News pundits have argued that the upcoming elections are a referendum on Prime Minister Netanyahu’s handling of the Covid pandemic. If Israel arrives at election day with an inoculated populace, and an open economy, Netanyahu will be swept into office. If the elections are held in the midst of a fourth lockdown, the anti-Netanyahu block will gain the upper hand. Others have asserted that these elections center on the preservation of democratic institutions. Yet they are mistaken. These elections are about the sacred bond that exists between national leaders and their citizens.
In a representative democracy, where a government of the people, by the people and for the people is made up of elected representatives, no citizen holds greater responsibility than the head of state. He is cloaked by the electorate with awesome powers. He is given discretion over the management of national assets, he is tasked with leading the military and taking decisions that may plunge a country into war while overseeing the work of an entire government dedicated to promoting citizens’ welfare.
Many aspire to power. Few get to wield it. And heavy is the head that wears the crown. When Barack Obama entered the White House he was a young and spirited president promising change and hope; a reincarnation of John F. Kennedy. Eight years later, he left office a slim middle-aged man with white hair, no doubt the result of sleepless nights and the need to manage multiple crises at any given moment. While Israel is not a superpower, it faces many of the dilemmas of a superpower. Surrounded by Hamas in Gaza, Hezbollah in Lebanon and terrorists on the Syrian border, Israel is in a constant state of military alert. Any miscalculation could trigger a full-scale military altercation on two fronts. Moreover, not a day passes when Israel is not faced with diplomatic crises, such as the need to reverse decisions made by the ICC, or contend with a UN inquiry into possible war crimes. When one adds Israel’s societal challenges, including growing social inequalities, he is faced with the realization that leading the state of Israel is no menial task. Rather, it is one that requires absolute dedication.
The question that comes to the fore is whether Prime Minister Netanyahu will be able to meet the demands, and exercise the duties of his office while facing three prolonged trials? Managing these trials will increasingly demand time and resources; resources necessary for ensuring Israel’s prosperity. Will President Biden be put ‘on hold’ every time Netanyahu receives and urgent call from his lawyers? Will cabinet meetings be postponed as damning evidence is introduced at court? Will healthcare reforms remain on paper as Netanyahu is busy revising his defense strategy?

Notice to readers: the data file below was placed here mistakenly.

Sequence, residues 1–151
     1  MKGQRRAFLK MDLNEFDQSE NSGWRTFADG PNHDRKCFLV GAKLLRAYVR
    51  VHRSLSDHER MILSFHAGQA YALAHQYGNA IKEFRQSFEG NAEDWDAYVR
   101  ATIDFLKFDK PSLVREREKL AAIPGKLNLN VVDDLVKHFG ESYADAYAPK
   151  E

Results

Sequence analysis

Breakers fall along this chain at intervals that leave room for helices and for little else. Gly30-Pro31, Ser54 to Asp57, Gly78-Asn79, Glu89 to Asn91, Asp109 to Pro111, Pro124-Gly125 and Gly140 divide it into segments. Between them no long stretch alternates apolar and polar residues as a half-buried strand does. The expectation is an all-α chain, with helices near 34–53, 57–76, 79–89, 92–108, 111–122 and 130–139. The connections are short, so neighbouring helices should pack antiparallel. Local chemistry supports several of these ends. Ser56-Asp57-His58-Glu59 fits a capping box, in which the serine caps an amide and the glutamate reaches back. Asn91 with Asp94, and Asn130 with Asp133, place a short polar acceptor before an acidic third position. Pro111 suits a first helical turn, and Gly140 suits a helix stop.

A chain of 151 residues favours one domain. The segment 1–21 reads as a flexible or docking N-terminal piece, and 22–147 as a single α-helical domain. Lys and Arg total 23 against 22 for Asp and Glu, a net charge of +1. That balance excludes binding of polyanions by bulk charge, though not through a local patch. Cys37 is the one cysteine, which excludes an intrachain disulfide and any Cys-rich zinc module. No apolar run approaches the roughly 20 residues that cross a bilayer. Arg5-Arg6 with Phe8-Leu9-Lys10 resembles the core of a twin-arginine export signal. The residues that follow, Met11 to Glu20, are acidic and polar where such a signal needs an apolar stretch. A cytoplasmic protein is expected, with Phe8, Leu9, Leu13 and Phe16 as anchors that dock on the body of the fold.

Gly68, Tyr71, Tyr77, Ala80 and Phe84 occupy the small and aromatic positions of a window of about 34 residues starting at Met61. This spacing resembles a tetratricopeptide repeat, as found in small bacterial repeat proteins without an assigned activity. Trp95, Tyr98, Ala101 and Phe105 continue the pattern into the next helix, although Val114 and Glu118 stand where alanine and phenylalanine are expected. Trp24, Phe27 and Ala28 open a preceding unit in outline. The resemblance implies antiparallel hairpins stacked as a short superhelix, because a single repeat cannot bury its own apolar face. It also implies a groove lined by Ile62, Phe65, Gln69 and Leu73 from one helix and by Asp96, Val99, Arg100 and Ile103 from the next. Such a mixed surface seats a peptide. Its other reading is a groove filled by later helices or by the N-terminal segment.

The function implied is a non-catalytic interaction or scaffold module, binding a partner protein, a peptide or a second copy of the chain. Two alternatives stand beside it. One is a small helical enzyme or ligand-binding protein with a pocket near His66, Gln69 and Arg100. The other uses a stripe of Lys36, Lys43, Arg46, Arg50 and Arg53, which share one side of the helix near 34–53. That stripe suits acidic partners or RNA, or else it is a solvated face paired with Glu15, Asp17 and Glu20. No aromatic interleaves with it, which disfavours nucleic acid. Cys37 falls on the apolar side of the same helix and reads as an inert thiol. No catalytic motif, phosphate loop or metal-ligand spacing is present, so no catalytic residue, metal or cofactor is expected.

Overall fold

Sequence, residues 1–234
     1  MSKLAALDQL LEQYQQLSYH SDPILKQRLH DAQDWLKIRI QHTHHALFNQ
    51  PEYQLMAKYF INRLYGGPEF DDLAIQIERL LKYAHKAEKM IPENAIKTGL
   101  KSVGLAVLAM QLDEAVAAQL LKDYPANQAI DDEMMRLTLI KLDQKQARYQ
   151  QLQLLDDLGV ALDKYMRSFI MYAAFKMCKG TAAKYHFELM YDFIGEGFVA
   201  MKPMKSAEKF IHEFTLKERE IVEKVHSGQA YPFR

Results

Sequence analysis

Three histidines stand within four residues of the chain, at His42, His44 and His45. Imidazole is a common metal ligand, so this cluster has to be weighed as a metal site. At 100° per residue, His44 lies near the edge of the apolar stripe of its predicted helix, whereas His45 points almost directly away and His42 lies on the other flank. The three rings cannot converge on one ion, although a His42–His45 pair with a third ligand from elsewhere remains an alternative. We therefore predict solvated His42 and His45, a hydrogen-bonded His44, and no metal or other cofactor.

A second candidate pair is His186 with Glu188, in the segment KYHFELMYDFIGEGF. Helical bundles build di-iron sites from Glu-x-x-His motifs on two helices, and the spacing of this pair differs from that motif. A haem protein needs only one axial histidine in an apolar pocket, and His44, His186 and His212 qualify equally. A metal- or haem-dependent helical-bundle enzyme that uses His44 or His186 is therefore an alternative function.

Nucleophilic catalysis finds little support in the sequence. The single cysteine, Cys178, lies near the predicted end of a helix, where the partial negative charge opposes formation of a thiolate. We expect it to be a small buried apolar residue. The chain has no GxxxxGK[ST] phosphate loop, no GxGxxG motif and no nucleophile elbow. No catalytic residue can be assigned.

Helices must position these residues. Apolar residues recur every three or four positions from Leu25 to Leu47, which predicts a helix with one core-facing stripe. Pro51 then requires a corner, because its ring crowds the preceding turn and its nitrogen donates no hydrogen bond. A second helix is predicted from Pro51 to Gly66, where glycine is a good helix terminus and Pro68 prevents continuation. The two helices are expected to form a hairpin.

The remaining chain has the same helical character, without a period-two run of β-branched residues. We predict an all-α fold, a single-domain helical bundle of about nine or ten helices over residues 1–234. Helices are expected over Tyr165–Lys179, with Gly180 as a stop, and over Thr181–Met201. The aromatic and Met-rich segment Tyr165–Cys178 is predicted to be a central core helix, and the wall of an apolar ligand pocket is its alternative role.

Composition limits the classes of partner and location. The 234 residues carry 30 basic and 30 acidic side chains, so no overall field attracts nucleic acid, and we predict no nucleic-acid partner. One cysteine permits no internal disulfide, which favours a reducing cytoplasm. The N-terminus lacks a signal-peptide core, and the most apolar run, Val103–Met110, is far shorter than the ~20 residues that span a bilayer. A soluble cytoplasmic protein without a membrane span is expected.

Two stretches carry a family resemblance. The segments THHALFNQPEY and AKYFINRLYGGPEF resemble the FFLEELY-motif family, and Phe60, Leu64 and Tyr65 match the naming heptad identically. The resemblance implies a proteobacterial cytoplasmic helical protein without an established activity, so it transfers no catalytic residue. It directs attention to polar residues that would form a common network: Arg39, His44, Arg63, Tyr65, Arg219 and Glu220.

The immediate future demands exceptional leadership. Israel faces the specter of a nuclear Iran, the worst financial crisis in history and a process of global re-ordering in which Israel’s alliance with America will no longer be sufficient to ensure its safety. New alliances with global powers such as China and India must be deepened, a process that requires calculated diplomacy at the highest levels.
Many believe that only Netanyahu can build such alliances. This is especially true of young voters. Surveys indicate that first time voters tend to support the prime minister. He has, after all, led Israel their entire adult lives. To them, a reality in which Israel is not lead by Netanyahu is simply inconceivable. The same was true of youngsters in the 1960s who could not imagine Israel being led by anyone but David Ben Gurion. Yet Ben Gurion left office and the nation thrived and survived. Other leaders emerged. Some were better, some were worse.
Avid supporters of Netanyahu insist that a coup is underway, that the entire legal establishment including the courts, the state’s attorney and the attorney general are attempting to oust Netanyahu by immoral, legal means. Like Creaser, he is surrounded by enemies. These supporters do not believe that there is a secrete council leading this coup. Netanyahu’s supporters subscribe to Gore Vidal’s logic that elites do not meet to conspire. They all think alike as they are the product of the same establishment.
Whether this coup is a fantasy or not is immaterial, as things are now in motion that cannot be undone. As prime minister, Benjamin Netanyahu will be unable to fulfill his obligations to Israeli citizens. Presently, Netanyahu is already guilty of one crime- lying to Israelis when promising them his undivided attention. If he loves Israel as much as he professes, Netanyahu will accept his fate, drop out of the race and have his day in court. If acquitted, he will return to power soon enough proving to his ardent followers that he is the once and future king of Israel.